[Solved] “Industrial growth rate has lagged behind in the overall growth of Gross-Domestic- Product(GDP) in the post-reform period” Give reasons. How far the recent changes is Industrial Policy are capable of increasing the industrial growth rate? UPSC GS-3 Mains 2017)
India’s GDP growth rate in post- 1991 era stands at around 7% while touching 10.26% once in 2010 while industrial growth has lagged behind a lot standing at around 3-4% only.
Challenges that have restricted industrial growth are:
• Inadequate infrastructure
• Restrictive labour laws: Though labour protection and security are required, the flipside is that it discourages employers from hiring workers on a regular basis.
• Slow technology adoption: Inefficient technologies led to low productivity and higher costs adding to the disadvantage of Indian products in international markets.
• Complicated business environment due to bureaucratic red-tape.
• Low productivity
• Challenges for trade
• Inadequate expenditure on R&D and Innovation
The recent changes in the industrial policy aim towards- Transform, Reform and Perform. Their ability to increase the industrial growth rate depend on the following parameters-
• Establishing global linkages- The long-term objective would be to establish complete value chains, within India or across countries, in select sunrise sectors like renewable energy, food processing, electronics, etc.
• This would depend on integration of MSME sector with the global world and infusing modern technology in them.
• Enhancing industrial competitiveness-by improving labour productivity, leveraging presence of a large public sector in core sectors and the forward and backward linkages created over the decades provides for captive source for investments and efficiency improvements.
• Creating a predictable taxation regime
• Enabling ecosystem for technology adoption and innovation by encouraging start-ups and thriving innovation ecosystem that provides appropriate support at the right stage of innovation A comprehensive, actionable, outcome oriented industrial policy will enable Industry to deliver a larger role in the economy; to fulfil its role as the engine of growth and to shoulder the responsibility of adding more value and jobs.
Industrial policy 1991 set out directions for industrialisation in an economy that began its journey in liberalisation. It dealt with liberalising licensing and measures to encourage foreign investments. However, Industrial growth rate could not match the pace with the overall growth of GDP.
Constraints to industrial growth
- Inadequate infrastructure:Physical infrastructure in India suffers from substantial deficit in terms of capacities as well as efficiencies. Lack of quality of industrial infrastructure has resulted in high logistics cost and has in turn affected cost competitiveness of Indian goods in global markets.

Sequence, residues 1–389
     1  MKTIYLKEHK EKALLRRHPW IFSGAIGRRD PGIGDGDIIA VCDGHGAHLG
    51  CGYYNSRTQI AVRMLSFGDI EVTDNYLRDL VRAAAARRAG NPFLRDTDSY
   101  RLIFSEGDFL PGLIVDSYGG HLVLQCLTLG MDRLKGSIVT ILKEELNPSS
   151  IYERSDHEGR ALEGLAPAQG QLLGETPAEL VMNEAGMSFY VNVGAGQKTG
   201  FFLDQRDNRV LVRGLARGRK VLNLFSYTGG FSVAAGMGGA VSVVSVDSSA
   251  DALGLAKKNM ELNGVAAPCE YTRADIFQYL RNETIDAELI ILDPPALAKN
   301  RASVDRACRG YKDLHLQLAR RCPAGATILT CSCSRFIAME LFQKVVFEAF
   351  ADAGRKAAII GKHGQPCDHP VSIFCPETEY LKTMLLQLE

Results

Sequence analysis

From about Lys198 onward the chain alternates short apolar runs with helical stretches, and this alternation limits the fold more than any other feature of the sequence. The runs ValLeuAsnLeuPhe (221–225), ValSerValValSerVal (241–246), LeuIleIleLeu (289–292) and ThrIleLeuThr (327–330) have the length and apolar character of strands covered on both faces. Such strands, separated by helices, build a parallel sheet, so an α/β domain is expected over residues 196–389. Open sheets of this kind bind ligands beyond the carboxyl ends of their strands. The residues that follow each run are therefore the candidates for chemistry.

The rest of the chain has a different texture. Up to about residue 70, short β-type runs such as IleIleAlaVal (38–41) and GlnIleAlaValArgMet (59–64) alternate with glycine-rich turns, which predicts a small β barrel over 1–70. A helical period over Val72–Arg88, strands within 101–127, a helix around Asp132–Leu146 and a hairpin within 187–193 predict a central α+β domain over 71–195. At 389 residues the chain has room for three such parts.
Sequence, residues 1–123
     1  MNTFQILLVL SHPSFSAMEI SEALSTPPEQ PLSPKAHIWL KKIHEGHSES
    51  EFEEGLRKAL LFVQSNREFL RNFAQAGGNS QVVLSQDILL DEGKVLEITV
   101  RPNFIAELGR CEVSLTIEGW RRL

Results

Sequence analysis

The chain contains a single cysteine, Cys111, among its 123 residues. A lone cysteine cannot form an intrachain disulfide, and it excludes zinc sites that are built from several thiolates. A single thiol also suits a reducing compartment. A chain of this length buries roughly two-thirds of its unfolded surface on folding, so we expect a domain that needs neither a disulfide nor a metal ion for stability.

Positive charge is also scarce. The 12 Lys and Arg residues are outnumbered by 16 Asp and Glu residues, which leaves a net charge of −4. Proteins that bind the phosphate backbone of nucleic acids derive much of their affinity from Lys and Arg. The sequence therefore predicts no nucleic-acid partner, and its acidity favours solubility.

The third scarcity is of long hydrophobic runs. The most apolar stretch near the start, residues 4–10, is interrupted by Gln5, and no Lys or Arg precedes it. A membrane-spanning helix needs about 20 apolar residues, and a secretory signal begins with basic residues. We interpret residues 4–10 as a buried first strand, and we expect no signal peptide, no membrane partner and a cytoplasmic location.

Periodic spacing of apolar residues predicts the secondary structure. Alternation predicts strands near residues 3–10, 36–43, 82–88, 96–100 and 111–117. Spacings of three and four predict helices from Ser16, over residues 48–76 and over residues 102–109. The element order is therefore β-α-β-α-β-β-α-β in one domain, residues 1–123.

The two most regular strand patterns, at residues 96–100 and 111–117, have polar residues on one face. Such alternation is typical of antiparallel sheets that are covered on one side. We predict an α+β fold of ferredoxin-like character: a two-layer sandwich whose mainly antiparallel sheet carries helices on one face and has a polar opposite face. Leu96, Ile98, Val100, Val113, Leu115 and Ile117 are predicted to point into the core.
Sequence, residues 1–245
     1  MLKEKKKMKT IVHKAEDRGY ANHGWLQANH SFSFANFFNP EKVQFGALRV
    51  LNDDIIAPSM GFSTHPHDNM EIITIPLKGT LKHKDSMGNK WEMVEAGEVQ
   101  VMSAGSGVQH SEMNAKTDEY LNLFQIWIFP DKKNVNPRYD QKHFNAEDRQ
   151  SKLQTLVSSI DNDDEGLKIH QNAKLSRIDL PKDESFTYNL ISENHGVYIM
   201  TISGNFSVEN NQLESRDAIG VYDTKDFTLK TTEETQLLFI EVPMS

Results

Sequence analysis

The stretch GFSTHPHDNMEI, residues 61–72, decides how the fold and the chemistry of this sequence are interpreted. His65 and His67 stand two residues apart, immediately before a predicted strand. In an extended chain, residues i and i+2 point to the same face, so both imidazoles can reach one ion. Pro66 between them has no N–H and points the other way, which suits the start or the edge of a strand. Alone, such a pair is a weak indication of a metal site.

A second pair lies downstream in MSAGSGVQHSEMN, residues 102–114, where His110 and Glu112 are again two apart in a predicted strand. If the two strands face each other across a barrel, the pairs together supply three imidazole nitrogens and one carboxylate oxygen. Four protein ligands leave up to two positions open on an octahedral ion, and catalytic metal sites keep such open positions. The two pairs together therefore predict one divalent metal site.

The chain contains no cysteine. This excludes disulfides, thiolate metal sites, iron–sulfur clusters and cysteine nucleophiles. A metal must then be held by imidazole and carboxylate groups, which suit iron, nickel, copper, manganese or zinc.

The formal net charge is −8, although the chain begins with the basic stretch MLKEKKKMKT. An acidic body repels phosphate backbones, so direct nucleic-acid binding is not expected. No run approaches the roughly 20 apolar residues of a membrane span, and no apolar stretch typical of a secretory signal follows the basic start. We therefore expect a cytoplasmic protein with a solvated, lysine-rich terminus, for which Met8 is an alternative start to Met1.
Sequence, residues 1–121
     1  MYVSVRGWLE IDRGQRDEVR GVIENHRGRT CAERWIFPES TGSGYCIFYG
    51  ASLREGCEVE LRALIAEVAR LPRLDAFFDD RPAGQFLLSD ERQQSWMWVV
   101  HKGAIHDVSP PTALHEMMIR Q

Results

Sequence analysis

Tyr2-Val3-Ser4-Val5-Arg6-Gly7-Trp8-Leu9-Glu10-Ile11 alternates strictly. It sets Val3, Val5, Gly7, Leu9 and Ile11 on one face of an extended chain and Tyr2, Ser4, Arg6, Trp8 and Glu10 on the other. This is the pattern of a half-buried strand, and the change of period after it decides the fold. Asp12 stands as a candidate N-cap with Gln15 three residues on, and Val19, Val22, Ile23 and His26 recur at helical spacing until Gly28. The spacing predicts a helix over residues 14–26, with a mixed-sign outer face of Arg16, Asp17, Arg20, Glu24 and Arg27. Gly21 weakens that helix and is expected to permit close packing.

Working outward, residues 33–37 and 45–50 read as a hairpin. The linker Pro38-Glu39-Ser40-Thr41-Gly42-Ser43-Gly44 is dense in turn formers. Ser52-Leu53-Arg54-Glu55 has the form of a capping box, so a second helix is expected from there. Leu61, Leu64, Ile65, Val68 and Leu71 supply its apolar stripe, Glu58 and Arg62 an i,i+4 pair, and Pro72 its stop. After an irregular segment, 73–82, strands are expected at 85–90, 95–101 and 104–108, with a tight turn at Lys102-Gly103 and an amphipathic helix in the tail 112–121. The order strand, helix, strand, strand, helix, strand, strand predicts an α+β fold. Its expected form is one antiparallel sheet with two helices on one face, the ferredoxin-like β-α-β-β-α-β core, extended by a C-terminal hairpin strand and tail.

- Restrictive labour laws:The tenor of labour laws has been overly protective of labour force in the formal sector.
- Complicated business environment:A complex multi-layered tax system, which with its high compliance costs and its cascading effects adversely affects competitiveness of manufacturing in India.
- Slow technology adoption:Inefficient technologies led to low productivity and higher costs adding to the disadvantage of Indian products in international markets.
- Inadequate expenditure on R&D and Innovation:Public investments have been constrained by the demands from other public service demands and private investment is not forthcoming as these involve long gestation periods and uncertain returns.
- Recently Department of Industrial Policy and Promotion (DIPP) has proposed various changes in industrial policy that will focus on increasing the industrial growth rate in following manner The new policy aims to attract $100 billion of FDI in a year, up from $60 billion in 2016-17, it will also aim at retaining investments and accessing technology.
- The policy aims to harness existing strengths in sectors like automobiles and auto-components, electronics, new and renewable energy, banking, software and tourism.
- The policy also aims to create globally scaled-up and commercially viable sectors such as waste management, medical devices, renewable energy, green technologies, financial services to achieve competitiveness.
- The policy will also push for reforms to enhance labourmarket flexibility with an aim for higher job creation in the formal sector and performance linked tax incentives.
- Since the commencement of reforms in 1992 the GDP has grown and consistently maintaining the trajectory of growth. But the industrial growth is lower than the overall growth rate because of importance give to service sector. Service sector growth contributed major share to the overall growth. In the recent changes made to industrial policy aimed at improving the industrial growth.
- Under the make in India program manufacturing sector is given importance. The aim of those is to increase the percentage of this sector to 25% GDP by 2022. The govt is so ambitious about creating 10 million jobs, which also part of this policy. This is certainly done by attracting the foreign investments and encourage domestic investments.
- Under the Startup India scheme innovation is given more importance. Once startups comes it will generate employment and added revenue. Small and medium sector is also given importance. Domestic content requirement in foreign investment, given priority to MSME sector in government departmental procurement, creating manufacturing hubs, NIMZs, coastal economic zones all are aimed at increasing the industrial growth rate. Along with necessary structural reforms, ease of doing business, political will bring the desired results.
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